Monday, March 07, 2016

PLANET OUTLAWS (1953/1939)

After a brief opening narration about the preponderance of UFO sightings, we cut to a dirigible crash in the Arctic. Centuries later, the wreck is found and the bodies of the two fliers, Buck Rogers and his young friend Buddy, are found in suspended animation (some gas kept them alive and fresh and young). They're reanimated and immediately drawn into a battle between Darth Vader and the Jedi…wait, between galactic villain Killer Kane and the rebels fighting him from the Hidden City (two small mountains open and close to let people in and out of the city). Rogers flies a spaceship to Saturn to get help. Unfortunately, an envoy from Kane convinces the Saturians that Rogers is just an outlaw rebel, but Rogers does get through to Prince Tallen and help is on the way. Eventually, we see mindless zombies, a disappearing ray and a Kane spy smuggle himself into the Hidden City, but Rogers and the rebels prevail, and we get a final bit of narration about democracy and God's blessing of America.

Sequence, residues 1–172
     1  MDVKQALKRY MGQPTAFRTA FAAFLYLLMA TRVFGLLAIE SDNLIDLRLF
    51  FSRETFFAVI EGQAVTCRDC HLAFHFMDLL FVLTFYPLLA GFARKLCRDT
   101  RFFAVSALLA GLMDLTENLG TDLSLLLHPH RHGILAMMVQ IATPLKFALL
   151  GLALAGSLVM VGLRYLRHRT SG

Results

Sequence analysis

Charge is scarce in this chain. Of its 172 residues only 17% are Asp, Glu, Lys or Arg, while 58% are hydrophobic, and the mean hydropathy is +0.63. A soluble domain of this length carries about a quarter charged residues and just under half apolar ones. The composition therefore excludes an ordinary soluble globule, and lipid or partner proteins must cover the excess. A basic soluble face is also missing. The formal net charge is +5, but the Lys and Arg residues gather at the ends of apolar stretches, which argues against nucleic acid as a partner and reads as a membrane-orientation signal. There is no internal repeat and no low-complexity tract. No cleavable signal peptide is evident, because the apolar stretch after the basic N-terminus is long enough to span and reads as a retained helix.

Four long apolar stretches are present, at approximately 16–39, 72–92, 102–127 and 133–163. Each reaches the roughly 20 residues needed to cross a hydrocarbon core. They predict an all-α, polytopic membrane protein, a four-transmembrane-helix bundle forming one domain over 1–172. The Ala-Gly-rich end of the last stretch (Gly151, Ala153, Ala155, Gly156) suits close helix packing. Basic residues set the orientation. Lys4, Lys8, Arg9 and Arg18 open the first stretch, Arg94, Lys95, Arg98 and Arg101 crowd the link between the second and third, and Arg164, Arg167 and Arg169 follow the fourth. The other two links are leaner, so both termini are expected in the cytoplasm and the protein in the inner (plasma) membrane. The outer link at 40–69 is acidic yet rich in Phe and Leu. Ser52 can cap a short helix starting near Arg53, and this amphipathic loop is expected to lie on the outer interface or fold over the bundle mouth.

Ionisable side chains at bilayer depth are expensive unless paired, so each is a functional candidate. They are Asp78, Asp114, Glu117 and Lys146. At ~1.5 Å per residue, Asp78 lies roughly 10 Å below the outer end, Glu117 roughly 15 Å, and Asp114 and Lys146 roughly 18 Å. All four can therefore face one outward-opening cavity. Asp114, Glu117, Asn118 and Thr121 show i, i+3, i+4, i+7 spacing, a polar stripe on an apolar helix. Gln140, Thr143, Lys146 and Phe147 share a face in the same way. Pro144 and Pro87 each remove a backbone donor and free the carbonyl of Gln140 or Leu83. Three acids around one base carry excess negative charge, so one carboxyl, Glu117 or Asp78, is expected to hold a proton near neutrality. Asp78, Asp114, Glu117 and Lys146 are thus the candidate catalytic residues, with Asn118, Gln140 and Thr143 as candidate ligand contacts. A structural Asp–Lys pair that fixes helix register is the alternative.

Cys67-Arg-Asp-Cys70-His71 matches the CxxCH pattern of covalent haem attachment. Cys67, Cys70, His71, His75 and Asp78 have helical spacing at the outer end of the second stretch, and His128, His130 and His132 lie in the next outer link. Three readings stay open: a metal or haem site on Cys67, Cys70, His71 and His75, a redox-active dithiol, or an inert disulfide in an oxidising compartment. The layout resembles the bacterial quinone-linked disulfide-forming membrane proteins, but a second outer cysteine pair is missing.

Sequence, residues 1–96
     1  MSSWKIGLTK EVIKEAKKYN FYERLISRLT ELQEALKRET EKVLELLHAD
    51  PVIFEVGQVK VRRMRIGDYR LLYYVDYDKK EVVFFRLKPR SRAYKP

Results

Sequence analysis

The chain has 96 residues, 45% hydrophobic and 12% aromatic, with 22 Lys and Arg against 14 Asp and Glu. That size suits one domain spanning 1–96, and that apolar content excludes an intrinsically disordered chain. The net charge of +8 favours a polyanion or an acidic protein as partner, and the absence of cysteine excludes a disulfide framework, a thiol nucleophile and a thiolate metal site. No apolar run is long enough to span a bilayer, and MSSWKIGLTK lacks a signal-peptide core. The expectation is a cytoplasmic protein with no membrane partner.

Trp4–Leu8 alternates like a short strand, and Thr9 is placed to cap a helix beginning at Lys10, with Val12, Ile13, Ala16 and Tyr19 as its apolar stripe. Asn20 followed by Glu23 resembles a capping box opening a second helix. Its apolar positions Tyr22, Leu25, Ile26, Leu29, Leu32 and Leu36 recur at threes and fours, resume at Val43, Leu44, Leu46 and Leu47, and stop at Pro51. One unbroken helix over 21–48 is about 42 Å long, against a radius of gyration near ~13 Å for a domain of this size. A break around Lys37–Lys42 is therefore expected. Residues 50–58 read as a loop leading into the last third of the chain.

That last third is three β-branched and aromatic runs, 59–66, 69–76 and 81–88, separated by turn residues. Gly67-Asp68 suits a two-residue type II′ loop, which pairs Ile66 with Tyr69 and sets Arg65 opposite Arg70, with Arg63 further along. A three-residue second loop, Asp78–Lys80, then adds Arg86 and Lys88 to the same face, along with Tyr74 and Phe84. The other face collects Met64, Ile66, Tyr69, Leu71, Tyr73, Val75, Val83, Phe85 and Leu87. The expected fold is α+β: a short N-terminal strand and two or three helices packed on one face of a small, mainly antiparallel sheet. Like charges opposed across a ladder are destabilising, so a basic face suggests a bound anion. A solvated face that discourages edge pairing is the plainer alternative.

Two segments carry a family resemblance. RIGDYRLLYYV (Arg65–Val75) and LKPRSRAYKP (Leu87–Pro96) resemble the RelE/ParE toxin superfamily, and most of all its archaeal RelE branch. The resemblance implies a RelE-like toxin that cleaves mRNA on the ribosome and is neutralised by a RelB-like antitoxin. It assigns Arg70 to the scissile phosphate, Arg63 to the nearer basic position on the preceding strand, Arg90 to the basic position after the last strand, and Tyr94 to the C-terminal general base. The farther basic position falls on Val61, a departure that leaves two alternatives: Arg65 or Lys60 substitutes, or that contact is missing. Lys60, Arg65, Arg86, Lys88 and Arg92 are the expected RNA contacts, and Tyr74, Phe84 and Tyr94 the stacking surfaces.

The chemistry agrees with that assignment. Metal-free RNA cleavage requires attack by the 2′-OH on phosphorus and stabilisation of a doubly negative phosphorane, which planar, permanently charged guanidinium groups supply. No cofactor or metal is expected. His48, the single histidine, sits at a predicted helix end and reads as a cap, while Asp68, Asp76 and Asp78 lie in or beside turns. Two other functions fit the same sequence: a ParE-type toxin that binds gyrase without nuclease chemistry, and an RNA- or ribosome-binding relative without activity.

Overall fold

As I've noted here before, I'm a big fan of the idea of movie serials but my experience of them is not always pleasurable. This may partly be a function of not finding the ideal way to watch them. At the rate of one episode a week, as they were originally seen in theaters in the 30s and 40s, I tend to get bored and drift away, not finishing the serial. But watching an entire 3-4 hour serial in one sitting is almost impossible, as the repetition of the chapter formula becomes numbing. The two I've liked best (DRUMS OF FU MANCHU and SECRET AGENT X-9) vary the formula a bit, staying relatively fresh from chapter to chapter, and I've watched them a third way: 2 or 3 chapters at a time over a few weeks. This film presents a fourth way of consuming serials—it’s a 70-minute condensation of the four-hour Buck Rogers serial from 1939. As such, it certainly is lean and mean and moves quickly. On the other hand, it feels jagged and incomplete as entire plot lines get excised with some plot references not making sense. Buster Crabbe and Jackie Moran (pictured) are good as Buck and Buddy, and I always like seeing Henry Brandon, who here plays a baddie. Phillip Ahn plays the Prince, interesting in an era when Asian actors were few and far between in Hollywood. Constance Moore barely registers as Buck's female associate. The sets, costumes and effects are slightly better than the norm for a 30s serial, though by the time this film was put together 15 years later, they would have seem hopelessly outdated. I'm not sure such a condensation—cramming in all the exciting moments at the expense of story and character—is the perfect way to truly experience a serial, but it was a fun, speedy ride. [Streaming]

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